The Faber Members seats at this event are now fully booked. You can purchase tickets through the CLS here – https://cityoflondonsinfonia.co.uk/whats-on/2525/in-place-and-time-britten-and-ts-eliot/
In Place and Time: Benjamin Britten and T. S. Eliot
Just announced: Acclaimed actor Alex Jennings will read Ash-Wednesday.
A special evening of words and music in the beautiful setting of Southwark Cathedral, to celebrate the work of two of the great artists of the twentieth century: Benjamin Britten and T. S. Eliot. The event represents a unique collaboration between the City of London Sinfonia and Faber & Faber, marking the ninetieth anniversary of the publisher with whom both Britten and Eliot were profoundly linked.
T. S. Eliot moved to England in 1914, publishing his first book of poems three years later, then joining the nascent Faber and Gwyer as a director in 1925. Ash-Wednesday was written after his conversion to Anglicanism in 1927, while Four Quartets, first published in the UK by Faber in 1944, is widely considered to be his crowning achievement. Faber became an established publisher of books about music in the early 1960s, under the editorship of the writer and musicologist Donald Mitchell. After Britten wrote in a letter to Mitchell, ‘I occasionally dream of Faber & Faber – music publishers!’, Mitchell approached the Chairman, Richard de la Mare, who consulted Eliot and responded, ‘I have no idea how this can be done, but clearly we have to do it.’ Faber Music came into being in 1965, with Britten as its first composer.
The evening’s programme interweaves some of the finest verses and most remarkable music of these two great twentieth-century artists: readings of Eliot’s Ash-Wednesday and ‘
Alex Jennings trained at the Bristol Old Vic Theatre School after graduating from the University of Warwick.
His stage work includes, for the National: Hansard, Cocktail Sticks, Hymn, Collaborators, The Habit of Art, Present Laughter, Stuff Happens, His Girl Friday, The Winter’s Tale, The Relapse (for these last two performances he won the Evening Standard Drama Award, Best Actor); Albert Speer, and Henry Higgins in My Fair Lady (Olivier Award, Best Actor in a Musical). In the West End, he has performed in Too Clever by Half (Olivier Award, Best Comedy Performance; London Theatre Critics’ Award, Best Actor), The Liar, The Wild Duck, The Importance of Being Earnest, and as Willy Wonka in Charlie and the Chocolate Factory. For the RSC his roles include Richard II, Oberon, Benedick, Peer Gynt (Olivier Award, Best Actor) and Hamlet (including a tour to the US: Helen Hayes Award, Best Actor). For the English National Opera he played Voltaire and Doctor Pangloss in Candide. He played Henry Higgins in My Fair Lady at the Théatre du Chatelet in Paris, and at the Sydney Opera House in the sixtieth anniversary production directed by Dame Julie Andrews. In 2019 he played Signor Naccarelli in The Light in the Piazza (Royal Festival Hall and Lyric Opera, Chicago), opposite Renée Fleming.
Alex’s TV work includes Small Axe, Gold Digger, Four Weddings and a Funeral, Unforgotten (BAFTA Award nomination), A Very English Scandal, The Crown (as the Duke of Windsor), Victoria, The Halcyon, Lucky Man, Churchill’s Secret, Foyle’s War, Silk, Lewis, Whitechapel, Marple, Hancock and Joan, Cranford, The State Within, Spooks, Riot at the Rite, Poirot, Bad Blood, Ashenden, Hard Times, Inspector Morse and Smiley’s People.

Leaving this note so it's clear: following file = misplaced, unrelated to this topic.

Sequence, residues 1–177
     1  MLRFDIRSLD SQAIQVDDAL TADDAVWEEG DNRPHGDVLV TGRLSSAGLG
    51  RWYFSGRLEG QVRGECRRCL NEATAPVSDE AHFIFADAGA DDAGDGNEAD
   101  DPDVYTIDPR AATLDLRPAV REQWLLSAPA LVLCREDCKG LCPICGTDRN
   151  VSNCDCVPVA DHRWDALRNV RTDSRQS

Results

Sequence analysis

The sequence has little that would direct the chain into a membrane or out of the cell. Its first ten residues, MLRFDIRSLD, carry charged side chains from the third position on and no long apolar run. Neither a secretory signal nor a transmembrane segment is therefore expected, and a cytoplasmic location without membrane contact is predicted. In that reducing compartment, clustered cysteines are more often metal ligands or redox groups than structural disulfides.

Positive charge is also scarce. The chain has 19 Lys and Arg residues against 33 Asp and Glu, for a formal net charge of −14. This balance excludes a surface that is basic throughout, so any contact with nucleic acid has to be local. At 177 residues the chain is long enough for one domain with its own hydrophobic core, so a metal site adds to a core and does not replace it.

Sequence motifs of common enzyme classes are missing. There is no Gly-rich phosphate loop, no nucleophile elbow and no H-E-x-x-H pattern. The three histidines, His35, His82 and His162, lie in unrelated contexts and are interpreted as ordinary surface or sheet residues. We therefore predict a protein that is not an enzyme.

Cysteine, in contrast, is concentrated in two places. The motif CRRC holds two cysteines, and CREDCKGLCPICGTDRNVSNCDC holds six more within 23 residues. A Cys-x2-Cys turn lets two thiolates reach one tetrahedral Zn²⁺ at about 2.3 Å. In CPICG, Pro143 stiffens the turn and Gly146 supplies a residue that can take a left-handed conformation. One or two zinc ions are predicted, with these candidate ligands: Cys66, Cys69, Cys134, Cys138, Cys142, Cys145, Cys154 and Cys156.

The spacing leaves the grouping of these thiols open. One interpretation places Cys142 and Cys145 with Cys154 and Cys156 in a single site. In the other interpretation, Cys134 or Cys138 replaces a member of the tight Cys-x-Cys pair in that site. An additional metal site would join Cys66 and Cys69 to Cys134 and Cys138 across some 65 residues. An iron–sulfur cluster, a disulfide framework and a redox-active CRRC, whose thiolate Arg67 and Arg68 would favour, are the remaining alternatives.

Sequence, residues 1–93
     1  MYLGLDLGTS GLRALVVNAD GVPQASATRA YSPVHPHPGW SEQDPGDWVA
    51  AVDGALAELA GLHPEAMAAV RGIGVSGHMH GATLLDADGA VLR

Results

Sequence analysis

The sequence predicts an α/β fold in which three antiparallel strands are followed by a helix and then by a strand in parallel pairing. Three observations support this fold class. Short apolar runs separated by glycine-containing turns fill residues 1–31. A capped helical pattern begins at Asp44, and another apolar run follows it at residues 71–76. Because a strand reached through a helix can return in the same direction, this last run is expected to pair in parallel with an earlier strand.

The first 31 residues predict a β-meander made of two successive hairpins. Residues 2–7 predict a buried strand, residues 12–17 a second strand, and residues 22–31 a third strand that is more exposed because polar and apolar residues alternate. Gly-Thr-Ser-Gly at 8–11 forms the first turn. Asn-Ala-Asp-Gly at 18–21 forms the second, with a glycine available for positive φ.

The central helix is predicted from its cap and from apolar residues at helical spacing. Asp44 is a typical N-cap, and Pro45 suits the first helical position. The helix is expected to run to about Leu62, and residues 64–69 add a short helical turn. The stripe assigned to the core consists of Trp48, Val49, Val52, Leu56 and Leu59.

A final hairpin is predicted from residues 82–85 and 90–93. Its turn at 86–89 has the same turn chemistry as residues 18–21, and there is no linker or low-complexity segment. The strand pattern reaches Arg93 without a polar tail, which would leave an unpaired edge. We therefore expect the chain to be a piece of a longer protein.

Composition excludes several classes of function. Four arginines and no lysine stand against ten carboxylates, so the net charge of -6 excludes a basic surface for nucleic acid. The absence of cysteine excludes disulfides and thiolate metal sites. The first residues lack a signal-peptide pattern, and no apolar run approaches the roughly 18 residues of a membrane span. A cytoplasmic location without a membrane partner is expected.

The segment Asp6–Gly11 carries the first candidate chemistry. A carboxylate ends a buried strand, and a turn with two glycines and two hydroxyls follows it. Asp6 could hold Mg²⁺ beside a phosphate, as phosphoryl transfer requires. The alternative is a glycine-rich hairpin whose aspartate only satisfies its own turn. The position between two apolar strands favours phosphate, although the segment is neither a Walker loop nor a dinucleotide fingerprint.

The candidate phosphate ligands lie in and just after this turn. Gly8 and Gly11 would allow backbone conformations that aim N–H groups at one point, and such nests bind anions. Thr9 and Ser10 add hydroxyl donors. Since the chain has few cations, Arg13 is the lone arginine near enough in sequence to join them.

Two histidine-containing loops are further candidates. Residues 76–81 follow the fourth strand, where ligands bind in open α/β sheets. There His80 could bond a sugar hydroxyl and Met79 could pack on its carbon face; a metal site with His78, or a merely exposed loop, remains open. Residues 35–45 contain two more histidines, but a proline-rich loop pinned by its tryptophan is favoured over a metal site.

His film appearances include Denial, The Lady in the Van, Belle, Babel, The Queen, The Four Feathers, The Wings of the Dove, A Midsummer Night’s Dream and War Requiem.
Juliet Stevenson trained at RADA and has been nominated for many Olivier and BAFTA awards.
Juliet’s stage work includes: The Doctor (Almeida); Mary Stuart (Almeida and West End); Hamlet (Almeida and West End); Wings (Young Vic); Happy Days (Young Vic); Duet For One (Almeida and West End); The Heretic (Royal Court); A Little Night Music (Lincoln Centre, NY); Beckett Shorts (RSC Stratford/Europe); Les Liaisons Dangereuses; As You Like It; Troilus and Cressida; Measure For Measure; A Midsummer Night’s Dream; The Witch of Edmonton; Money (RSC Stratford/Barbican); Henry IV, Parts I & II (RSC Stratford Tour); Once In A Lifetime; The White Guard (RSC Aldwych); Hippolytus; Antony & Cleopatra; The Churchill Play; The Taming of the Shrew; The Tempest (RSC Stratford); Alice Trilogy; The Country; Other Worlds (Royal Court); The Seagull; Private Lives; Hedda Gabler; Yerma (National Theatre); We Happy Few (Gielgud Theatre); Caucasian Chalk Circle (National Theatre / Complicité); The Duchess of Malfi (Greenwich/West End); Scenes from an Execution (Mark Taper Forum, LA); Death and the Maiden (Royal Court/West End); Burn This (Hampstead/West End); On the Verge (Sadler’s Wells); The Trackers of Oxyrhynchtus (National Theatre Studio).
Juliet’s television work includes: Riviera (Season 2, Sky); Atlantis; One of Us; The Village; The Enfield Haunting; The Accused; The Hour; White Heat; Dustbin Baby; Place of Execution; Hear the Silence; The Pact; Trial by Fire; Cider with Rosie; Stone, Scissors, Paper; The Politician’s Wife; Out of Love; Stanley; A Doll’s House; Life Story; Antigone; Freud; Bazaar and Rummage; The Mallens; Maybury; Great Journeys: Isabelle Eberhardt; Oedipus At Colonus.
Film work includes: Let Me Go; Love is Thicker than Water; Departure; Diana; Desert Flower; The Secret of Moonacre; And When Did You Last See Your Father?; Breaking and Entering; Pierrepoint; The Snow Queen; A Previous Engagement; Every Word is True; Red Mercury; Being Julia; Mona Lisa Smile; Nicholas Nickleby; Food of Love; Bend It Like Beckham; The Search for John Gissing; The Road From Coorain; Play (Samuel Beckett); Emma; The Secret Rapture; Who Dealt?; The Trial; Truly, Madly, Deeply; Drowning by Numbers.
For final tickets visit: https://